Ever feel like you’re wandering through a desert, craving a drink, yearning to find a way back to safety? Welcome to my life.
Well, my life with mental illness, if I’m going to be precise – and I do like to be precise.
The thing about wandering in the desert if that you’re hungering for help, so when something new comes along, you really, really hope it will deliver you from the torment you’re living through. Yesterday I met with “the new B”. B had been my mental health worker for over two years, but the hospital rotated her into a new area, and that ended our professional relationship. Yesterday I met with her replacement for our first proper session.
D is a psychologist, and the difference between his approach and B’s social work outlook was immediately obvious. He took a detailed history, we talked it over, and he gave me homework! (I have a lot of homework from various sources; it’s like I’m doing a Bachelor of Dysthymia.) In the first instance, he’s going to focus on my sense of self. This is quite different to the sort of work I did with B, and crosses over into the territory I cover with C, but I don’t mind: the more insight I can gain, the better. Afterwards, I felt very, very tired, but also hopeful that coming at things from yet another angle might help deliver relief.
Back to the desert. The above photo was taken many years ago in outback Australia. Seen from the sky, this part of Australia looks bare and devoid of life, as though there are just a few scraggly bushes clinging to life around depressions in the ground. This photo tells a different story – we can see a variety of grasses, low-lying bushes, even a stunted tree in the foreground. If we were to look even closer, we’d see insects, tiny animals, seeds, many small plants – a complex ecosystem. It may not be the Amazon rainforest, but there’s still plenty of life to be found.
I must admit that my mood’s heading downwards again. I feel helpless in the face of so many stressors in my life. Economic pressures dictate that I must find some way to bring more money into our household, but I know I can’t hold down a “real job” right now. (Does anyone know how you actually go about selling a kidney? Or become a surrogate? I’m serious. I would never sell drugs, and unfortunately, I don’t think I’m cut out for prostitution.) I feel personal despair over my chronic procrastination and apparent inability to complete certain long-term projects, and about how I keep postponing my weight-loss efforts. Jeez, I can’t even reply to emails in a timely manner!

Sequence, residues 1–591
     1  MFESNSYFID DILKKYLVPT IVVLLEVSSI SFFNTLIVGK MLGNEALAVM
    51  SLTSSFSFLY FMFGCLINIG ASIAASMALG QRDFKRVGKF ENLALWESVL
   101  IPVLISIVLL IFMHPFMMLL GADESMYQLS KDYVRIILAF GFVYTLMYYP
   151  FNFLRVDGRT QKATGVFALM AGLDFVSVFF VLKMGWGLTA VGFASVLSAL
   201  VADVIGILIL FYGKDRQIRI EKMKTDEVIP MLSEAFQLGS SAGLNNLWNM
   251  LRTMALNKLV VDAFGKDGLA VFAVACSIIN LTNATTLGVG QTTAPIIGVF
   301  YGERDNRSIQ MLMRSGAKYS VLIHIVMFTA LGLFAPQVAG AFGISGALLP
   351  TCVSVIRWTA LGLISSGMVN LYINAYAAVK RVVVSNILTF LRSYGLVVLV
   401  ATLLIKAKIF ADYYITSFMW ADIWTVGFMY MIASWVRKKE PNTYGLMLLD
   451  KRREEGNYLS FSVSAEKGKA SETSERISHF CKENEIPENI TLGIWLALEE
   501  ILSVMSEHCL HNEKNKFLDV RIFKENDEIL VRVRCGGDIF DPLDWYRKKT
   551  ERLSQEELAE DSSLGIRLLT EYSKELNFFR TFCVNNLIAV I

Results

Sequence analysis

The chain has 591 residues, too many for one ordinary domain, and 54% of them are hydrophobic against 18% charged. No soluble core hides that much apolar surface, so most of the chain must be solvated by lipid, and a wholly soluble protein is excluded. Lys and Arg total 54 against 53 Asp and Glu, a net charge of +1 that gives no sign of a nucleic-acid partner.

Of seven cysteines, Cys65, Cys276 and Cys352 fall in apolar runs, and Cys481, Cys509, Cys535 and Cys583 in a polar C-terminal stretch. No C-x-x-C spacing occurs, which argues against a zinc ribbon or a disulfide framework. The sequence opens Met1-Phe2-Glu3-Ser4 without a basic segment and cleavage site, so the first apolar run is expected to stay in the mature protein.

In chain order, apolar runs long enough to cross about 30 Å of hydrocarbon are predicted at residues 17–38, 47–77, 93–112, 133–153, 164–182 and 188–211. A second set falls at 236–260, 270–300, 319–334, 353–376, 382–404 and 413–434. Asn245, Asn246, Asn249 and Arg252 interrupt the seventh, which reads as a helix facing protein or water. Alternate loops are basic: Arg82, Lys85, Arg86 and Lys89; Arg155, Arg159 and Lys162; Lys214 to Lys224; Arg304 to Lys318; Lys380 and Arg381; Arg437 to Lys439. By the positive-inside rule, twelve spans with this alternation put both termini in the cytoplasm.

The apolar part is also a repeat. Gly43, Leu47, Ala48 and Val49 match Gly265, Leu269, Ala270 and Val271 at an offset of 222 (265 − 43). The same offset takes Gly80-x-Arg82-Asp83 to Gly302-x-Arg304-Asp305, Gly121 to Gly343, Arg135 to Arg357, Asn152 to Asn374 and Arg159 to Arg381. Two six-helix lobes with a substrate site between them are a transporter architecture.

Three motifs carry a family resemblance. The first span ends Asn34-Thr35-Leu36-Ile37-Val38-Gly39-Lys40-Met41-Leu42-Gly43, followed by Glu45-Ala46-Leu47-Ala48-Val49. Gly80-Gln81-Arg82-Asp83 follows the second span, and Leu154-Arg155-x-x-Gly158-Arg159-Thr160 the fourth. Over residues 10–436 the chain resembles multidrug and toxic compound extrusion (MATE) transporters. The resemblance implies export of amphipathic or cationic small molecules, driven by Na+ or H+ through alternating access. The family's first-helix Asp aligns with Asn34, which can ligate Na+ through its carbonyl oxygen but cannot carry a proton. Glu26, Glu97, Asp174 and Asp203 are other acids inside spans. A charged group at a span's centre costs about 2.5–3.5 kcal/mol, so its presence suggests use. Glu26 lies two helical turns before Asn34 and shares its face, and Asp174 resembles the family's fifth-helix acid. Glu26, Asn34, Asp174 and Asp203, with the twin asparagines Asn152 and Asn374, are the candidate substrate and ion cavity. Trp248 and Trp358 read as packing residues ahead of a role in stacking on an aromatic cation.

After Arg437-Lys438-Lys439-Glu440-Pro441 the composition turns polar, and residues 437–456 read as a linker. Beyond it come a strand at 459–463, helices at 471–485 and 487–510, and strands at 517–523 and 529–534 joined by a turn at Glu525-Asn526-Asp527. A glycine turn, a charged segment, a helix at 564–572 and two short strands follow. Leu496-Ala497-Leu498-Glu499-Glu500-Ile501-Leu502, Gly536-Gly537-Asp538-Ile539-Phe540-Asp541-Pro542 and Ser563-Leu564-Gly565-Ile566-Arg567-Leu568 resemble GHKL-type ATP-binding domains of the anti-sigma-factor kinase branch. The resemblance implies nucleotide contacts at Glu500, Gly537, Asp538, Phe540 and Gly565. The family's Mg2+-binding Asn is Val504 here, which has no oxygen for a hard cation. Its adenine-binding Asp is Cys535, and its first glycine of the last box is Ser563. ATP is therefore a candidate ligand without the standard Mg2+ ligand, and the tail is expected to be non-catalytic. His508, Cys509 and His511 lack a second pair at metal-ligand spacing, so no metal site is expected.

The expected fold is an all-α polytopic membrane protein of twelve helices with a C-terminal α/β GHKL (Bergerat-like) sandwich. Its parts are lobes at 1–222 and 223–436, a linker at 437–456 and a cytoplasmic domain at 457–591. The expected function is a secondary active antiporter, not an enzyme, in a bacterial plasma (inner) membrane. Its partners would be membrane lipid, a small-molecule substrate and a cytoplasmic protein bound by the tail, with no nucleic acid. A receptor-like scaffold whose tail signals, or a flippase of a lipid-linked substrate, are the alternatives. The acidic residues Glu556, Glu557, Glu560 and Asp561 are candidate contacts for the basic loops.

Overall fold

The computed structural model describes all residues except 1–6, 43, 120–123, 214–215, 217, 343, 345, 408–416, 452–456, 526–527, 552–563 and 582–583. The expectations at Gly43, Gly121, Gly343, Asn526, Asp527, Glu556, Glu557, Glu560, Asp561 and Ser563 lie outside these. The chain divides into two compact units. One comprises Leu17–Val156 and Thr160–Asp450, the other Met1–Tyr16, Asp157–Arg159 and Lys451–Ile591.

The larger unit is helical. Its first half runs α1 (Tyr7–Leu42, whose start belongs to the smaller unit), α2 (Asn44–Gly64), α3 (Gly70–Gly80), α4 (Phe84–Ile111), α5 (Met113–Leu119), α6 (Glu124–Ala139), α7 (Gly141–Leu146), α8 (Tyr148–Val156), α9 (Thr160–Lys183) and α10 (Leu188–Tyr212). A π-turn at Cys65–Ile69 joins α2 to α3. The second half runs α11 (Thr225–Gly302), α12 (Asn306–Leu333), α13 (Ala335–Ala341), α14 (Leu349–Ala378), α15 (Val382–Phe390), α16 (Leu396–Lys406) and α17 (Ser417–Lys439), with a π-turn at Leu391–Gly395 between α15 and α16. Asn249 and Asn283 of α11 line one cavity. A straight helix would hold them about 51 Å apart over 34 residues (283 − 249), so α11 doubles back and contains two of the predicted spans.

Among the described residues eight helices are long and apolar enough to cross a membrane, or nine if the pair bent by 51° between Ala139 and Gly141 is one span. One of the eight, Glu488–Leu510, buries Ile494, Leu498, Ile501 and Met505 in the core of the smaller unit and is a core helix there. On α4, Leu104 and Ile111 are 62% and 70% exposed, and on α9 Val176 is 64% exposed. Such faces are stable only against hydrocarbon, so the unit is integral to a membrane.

In the face of such a “desert” mentality, which focusses on my many apparent failings and unmet needs, a helpful thing is to zoom in on the multitude of blessings in the present moment. I’m writing, which I love; I’m drinking my first cup of tea for the day; I’m redeeming a voucher and having a pedicure later this morning; I’m thrashing a few people at Words With Friends, and I’m catching up with a friend this afternoon.
I have chosen my path out of depression (my multi-pronged approach), it’s a tried and true path which will lead me to better mental health and less suffering, and I am determined to stick with it.
I can’t honestly say things seem better for having typed that, but the present moment has certainly improved. That’s worthy of a “yay”!